12. Late 70s • After a quiet period (though not dead), ska resurfaced in England in the late 70s • Bands began recreating the jazz-calypso beat and crossing it with newer instruments and sounds • Though the sound didn’t change much, the message did—it became socially motivated by the times and structure in England • YouTube - Ska special...from Jamaica to the U.K.

  13. Clothing, Labels and Messages • Ska became a real-world mixing pot that represented the social events of the time • The concept of the “Rude Boys” came back, and there were brawls between the ‘middle class’ and the ‘lower class/Rude Boys’ at concerts. This may have been one of the reasons for the decrease of ska (venues became increasingly more difficult to find) • The bands were often of mixed race and carried the ‘mixing’ theme with their mixed color (two tone) suits • These “Two Tone” suits gave rise to the “Two Tone” recording label

  14. The Specials • One of the biggest Ska bands in England during the second wave of Skawas“The Specials” • Their lead singer founded the Two Tone record label and created and produced a lot of ska records • This version of ska began to blend a rock beat as well as more brass and horns to give it an updated but still very recognizable feel • The music gave them a voice and the masses listened!

  15. Nelson Mandela • The Two Tone label recorded mostly ska bands, but they also did some work for the early Elvis Costello record • Because of the black-white connection as well as the middle-low class clash of the music and culture, they were able to take on major social themes • One of the biggest recordings was “Nelson Mandela” which called for the release of Mandela and raged against Apartheid

  16. Too “Local” • The lyrics and social issues reflected in the ska movement were viewed as “too English” by the Americans • In addition to the lyrics not fitting American events, the US was caught up in the rock and roll craze of the 60s and 70s (and to some extent the 80s). There was no room for the calypso-jazz blend • The ska phenomenon did not catch on in America in a large way during the 70s and early 80s • It took another fifteen years before the US was ready for our own ska invasion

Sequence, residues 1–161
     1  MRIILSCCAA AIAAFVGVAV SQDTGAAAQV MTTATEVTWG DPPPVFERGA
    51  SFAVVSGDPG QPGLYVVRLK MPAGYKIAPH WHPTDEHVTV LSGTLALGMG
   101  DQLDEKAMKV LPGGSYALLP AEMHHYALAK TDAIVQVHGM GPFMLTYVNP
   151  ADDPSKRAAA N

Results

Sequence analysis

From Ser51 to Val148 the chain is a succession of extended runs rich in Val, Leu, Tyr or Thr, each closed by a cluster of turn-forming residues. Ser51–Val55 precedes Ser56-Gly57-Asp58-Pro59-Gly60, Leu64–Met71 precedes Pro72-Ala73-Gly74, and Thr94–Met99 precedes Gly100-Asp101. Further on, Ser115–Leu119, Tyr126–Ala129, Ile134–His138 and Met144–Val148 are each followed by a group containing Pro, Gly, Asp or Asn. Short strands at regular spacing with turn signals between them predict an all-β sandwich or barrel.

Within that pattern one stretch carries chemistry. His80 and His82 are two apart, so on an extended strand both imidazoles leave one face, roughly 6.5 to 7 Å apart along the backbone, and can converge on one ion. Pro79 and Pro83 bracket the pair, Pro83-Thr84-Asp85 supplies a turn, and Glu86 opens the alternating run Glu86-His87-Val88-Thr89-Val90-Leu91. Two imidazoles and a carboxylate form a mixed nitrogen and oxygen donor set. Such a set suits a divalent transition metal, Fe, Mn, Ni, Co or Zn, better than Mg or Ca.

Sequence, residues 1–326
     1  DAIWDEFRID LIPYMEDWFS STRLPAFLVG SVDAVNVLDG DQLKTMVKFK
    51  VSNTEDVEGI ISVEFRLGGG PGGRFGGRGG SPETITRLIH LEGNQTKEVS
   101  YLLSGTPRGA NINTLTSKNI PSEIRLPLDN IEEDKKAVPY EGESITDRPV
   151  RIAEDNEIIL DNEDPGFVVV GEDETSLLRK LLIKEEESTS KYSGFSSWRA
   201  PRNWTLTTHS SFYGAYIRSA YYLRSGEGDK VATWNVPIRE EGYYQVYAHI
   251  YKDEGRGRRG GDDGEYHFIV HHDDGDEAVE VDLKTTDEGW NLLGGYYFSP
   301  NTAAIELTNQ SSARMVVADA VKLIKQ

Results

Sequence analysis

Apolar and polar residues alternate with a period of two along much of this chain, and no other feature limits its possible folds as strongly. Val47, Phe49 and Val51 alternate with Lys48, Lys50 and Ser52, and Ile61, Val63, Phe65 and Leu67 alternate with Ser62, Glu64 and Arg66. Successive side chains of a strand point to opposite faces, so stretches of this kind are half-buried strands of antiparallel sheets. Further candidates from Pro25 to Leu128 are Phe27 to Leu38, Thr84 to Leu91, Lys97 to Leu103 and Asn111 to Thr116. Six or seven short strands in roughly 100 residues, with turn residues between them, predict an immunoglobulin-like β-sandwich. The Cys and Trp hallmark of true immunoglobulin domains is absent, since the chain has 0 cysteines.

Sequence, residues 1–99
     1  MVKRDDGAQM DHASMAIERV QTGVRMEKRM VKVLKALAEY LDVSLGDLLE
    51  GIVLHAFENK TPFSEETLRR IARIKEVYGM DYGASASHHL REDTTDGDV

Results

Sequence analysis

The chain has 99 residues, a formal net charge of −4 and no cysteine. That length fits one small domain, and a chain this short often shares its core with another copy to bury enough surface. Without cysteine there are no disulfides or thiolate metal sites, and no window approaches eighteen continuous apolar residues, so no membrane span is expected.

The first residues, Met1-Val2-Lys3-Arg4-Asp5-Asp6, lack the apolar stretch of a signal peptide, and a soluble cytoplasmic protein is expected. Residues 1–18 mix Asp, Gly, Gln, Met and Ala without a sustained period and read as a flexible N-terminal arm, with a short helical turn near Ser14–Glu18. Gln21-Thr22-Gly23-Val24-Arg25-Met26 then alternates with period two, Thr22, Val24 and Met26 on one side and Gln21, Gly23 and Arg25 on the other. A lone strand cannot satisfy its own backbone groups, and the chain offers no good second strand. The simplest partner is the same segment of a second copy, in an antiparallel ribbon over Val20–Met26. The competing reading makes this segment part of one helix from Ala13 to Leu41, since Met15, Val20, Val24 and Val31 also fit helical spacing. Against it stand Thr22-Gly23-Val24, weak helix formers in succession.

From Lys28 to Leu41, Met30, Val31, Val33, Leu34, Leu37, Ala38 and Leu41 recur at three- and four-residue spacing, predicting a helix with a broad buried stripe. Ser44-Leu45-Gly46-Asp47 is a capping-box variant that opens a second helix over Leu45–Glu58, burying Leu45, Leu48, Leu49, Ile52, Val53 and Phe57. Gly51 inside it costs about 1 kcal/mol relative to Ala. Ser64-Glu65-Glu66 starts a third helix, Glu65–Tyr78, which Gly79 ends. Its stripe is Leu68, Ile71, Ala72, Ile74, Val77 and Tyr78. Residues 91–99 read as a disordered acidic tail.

17. Style and Morph • Ska did not make it to the US in one piece when it finally arrived in the late 1990s • There have been offshoots and morphings of the sound • While there are some who play ska in formats close to its original sound, there is a harder ‘ska-core’ sound that is heavily influenced by punk music • Another branch of ska blends these two and has even done ‘covers’ of traditional rock and roll songs. Like this one by ‘Reel Big Fish’

  18. Still in the wave • The third wave has hit the United States and is beginning to die down • The lyrics continue to be pushed by social causes and the need for a “voice” by an unnamed class • It is still too close to analyze, however, because the bands are still making and selling records • Ska surged onto the scene in the late 1990s, but it continues to be part of the American culture today.

  19. Concluding Thoughts • Ska has roots in defining a country’s identity, history in shaping a country’s ideas, and is going through a morph and reshaping all its own • Ska has traveled through time on the wings of the cultures’ need to develop an anthem with a beat that no one can resist

  20. Resources • http://users.bigpond.net.au/lvisser/skahistory.html • http://web.fccj.edu/~ivanhoof/ska/TheBeginning.html • http://www.youtube.com